Jul 22, 2009

287g Program in Charlotte In Jeopardy

If you read the Observer today, specifically the article by Franco Ordonez ( http://www.charlotteobserver.com/local/story/845945.html#Comments_Container) you got a watered down version of the upcoming changes to the 287 g program currently utilized at the Mecklenburg County jail.

Franco did not present the severity of the changes coming down the pike and the article left the impression that the changes were no real big deal.


Sue Myrick was interviewed for the article and we offered some of our objections, but none of them made it into print.

So allow me to present two objections here.

As a reminder, the 287g program is offered by the Department of Homeland Security and utilized by the Mecklenburg and Gaston County Sheriff's offices. When an inmate is checked into the respective jail, they are run through the DHS databases and positively identified as being in the country legally or not.

If the inmate is an illegal alien, after he has served the time for the local offense he committed, he is then turned over to Immigration and Customs Enforcement (ICE) for deportation.

If our jail did not have 287g, then that person would be released back into the general public. This was the case for many years.

Now thanks to the 287g program, Mecklenburg County has caught and started deportation proceedings on over 7,000 illegal aliens since the programs inception in 2006.

This past week, the Mecklenburg 287g program and all other similar programs nationwide were presented with a revised Memorandum of Agreement by the Obama Administration.

The MOA says that local 287g programs like Mecklenburg and Gaston are no longer to turn over to ICE "minor offenders" who happen to be illegal. Specifically, the MOA says that no illegal alien without a prior criminal conviction will be deported. The key words here are "prior criminal conviction."

So what does this mean?

It means if you are an illegal alien and you are convicted of a first offense DUI, you will serve local time for the crime, but upon completion of your sentence you will be released back into our country. You will NOT be deported.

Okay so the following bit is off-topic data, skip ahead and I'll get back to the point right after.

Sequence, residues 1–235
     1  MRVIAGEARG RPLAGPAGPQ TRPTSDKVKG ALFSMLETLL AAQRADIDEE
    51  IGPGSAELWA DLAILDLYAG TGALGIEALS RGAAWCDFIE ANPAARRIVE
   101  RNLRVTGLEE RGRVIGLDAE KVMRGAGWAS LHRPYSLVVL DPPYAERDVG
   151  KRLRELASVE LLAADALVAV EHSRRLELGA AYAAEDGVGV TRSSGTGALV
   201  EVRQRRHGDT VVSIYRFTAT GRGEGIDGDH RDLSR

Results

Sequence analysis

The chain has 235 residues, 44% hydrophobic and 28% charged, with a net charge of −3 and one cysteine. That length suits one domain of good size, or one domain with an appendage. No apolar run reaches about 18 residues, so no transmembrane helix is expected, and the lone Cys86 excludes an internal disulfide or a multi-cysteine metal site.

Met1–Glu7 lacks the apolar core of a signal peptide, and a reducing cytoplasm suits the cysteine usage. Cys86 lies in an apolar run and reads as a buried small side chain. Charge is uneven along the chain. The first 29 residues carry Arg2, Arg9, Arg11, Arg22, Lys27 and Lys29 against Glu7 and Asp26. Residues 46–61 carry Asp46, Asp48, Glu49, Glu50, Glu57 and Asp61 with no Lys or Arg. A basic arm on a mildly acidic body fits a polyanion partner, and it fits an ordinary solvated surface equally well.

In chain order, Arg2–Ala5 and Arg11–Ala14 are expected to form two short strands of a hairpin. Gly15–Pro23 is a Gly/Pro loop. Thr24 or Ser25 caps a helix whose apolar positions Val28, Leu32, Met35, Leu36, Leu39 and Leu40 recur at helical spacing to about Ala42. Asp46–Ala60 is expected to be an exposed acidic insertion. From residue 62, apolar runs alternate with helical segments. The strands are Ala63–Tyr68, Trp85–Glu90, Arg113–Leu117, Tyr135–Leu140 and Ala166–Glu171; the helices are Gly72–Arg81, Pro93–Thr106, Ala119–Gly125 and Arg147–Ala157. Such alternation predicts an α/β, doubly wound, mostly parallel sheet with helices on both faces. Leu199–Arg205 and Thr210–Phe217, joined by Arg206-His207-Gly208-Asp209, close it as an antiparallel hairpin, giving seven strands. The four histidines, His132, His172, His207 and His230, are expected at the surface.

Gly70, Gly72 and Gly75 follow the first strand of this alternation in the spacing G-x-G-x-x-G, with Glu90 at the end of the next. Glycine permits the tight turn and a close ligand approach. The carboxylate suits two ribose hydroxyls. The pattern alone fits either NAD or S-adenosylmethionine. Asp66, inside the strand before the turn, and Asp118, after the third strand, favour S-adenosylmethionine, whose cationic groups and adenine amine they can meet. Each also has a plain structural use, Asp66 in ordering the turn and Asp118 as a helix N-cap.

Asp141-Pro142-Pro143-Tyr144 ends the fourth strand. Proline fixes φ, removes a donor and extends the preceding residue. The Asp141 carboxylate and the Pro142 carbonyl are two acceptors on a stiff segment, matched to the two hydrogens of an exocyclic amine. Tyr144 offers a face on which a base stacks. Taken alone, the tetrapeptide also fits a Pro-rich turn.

Under the current 287g plan, this illegal alien would be deported.

Under the new plan, the illegal alien will be set free!

We have had several of our constituents killed by illegal aliens drinking and driving over the past few years. The most notable was Scott Gardner from Gaston County.

Why would we give an illegal alien more than once chance to kill us on the road? Once is enough.

Today's Observer article did not deal with this issue. Why?

Second, under the new 287g plan, only a conviction of a Tier I crime will lead to deportation. Tier II and Tier III crimes will not.

Our courts are overloaded. Prosecutors will plea people down to get some form of conviction to free up the court's space for harsher crimes. Well guess what? Those pleas are now going to result in the catch and release of illegal aliens. The illegal community will quickly learn the rule and exploit it. They will cop a plea to avoid deportation. And we in the community will be stuck with law breakers who were smart enough to exploit our own laws.

Again, a point not made in today's Observer story. Shocker.

The changes in the 287g program and the Observer article this morning are aimed at gutting the 287g program but doing so in a way that looks like we are still tough on illegal immigration.

America needs to wake up.


  1. Great points, Hal!

  2. Can you give some examples of Tier II, Tier III crimes?

  3. I wonder why I did not knew this before.... it was a good read. You are working on a very good blog.. I look forward to visit your blog again....